For more information, contact Sean O’Neill at oneills@agc.org or (202)547-8892.

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Taxes
 

The failure of the Super Committee also sets the stage for a busy year for tax policy with a number of important tax rates and expenditures set to expire starting on Jan. 1, 2012.

First, the annual “Tax Extenders” package expires at the end of the 2011. This bill includes popular tax expenditures that expire every year such as the research and development tax credit (which can be applied to unique designs, structures, or construction practices) and accelerated depreciation for restaurant and leasehold improvements, both of which impact the construction market. Congress typically renews these tax provisions late and is forced to make them retroactive to the first of the year. The fact that tax expenditures like these were targeted by the super committee and the poor track record of timely completion adds to the uncertainty that adversely impacts business decision making.

Further, Congress often extends the Alternative Minimum Tax (AMT) “patch” along with the tax extenders to protect millions of middle-class taxpayers from being hit with higher taxes. The AMT patch is currently in place for 2011 but not for 2012 or beyond. This provision will likely have the largest impact on AGC member companies.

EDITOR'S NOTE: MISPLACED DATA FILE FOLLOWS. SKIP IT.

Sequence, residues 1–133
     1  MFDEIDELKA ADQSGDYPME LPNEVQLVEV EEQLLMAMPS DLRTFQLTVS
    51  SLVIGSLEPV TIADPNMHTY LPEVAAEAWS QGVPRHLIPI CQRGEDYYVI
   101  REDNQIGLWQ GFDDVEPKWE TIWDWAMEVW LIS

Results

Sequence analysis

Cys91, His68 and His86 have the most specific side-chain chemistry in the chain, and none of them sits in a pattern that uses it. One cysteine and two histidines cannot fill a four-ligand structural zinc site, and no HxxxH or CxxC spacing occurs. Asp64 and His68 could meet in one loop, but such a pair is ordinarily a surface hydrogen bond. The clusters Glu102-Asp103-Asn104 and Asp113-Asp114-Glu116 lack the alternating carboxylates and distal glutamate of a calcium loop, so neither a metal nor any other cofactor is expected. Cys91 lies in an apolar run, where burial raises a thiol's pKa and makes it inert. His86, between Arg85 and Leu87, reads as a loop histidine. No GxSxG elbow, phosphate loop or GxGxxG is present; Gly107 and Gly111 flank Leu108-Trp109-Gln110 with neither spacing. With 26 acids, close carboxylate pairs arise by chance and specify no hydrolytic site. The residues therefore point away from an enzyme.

Second, the 100 percent bonus depreciation and enhanced section 179 expensing levels expire at the end of 2011. Starting Jan. 1, 2012, the bonus depreciation returns to 50 percent, while section 179 reverts from $500,000 to $125,000 in 2012 with phase out limits lowering from $2 million to $500,000. Bonus depreciation is an immediate deduction of the cost of new equipment, such as construction equipment, purchased and placed in service whereas section 179 allows a deduction for the cost of new or used equipment.

Likely to grab the headlines over the course of the next few weeks is the expiration of the reduction in payroll withholding which impacts every wage earner and the continued extension of unemployment benefits, which has been extended to 99 weeks for the last two years.

At the end of 2012, Congress must again face the expiration of the Bush-era tax cuts which were extended at the end of 2010. While President Obama supported their extension in 2010, there is a fundamental disagreement between Republicans and Democrats about whether to extend the tax rates for all taxpayers beyond 2012. In addition, there are two new income taxes going into effect on January 1, 2013 that were enacted in the 2010 healthcare law on high earners, which could make the top individual rate higher than 44 percent, up from 35 percent today. A tax increase of nearly 10 percentage points on individuals will have a significant impact on the nearly two-thirds of construction companies organized other than as a C corporation and thus pay business taxes at the individual level.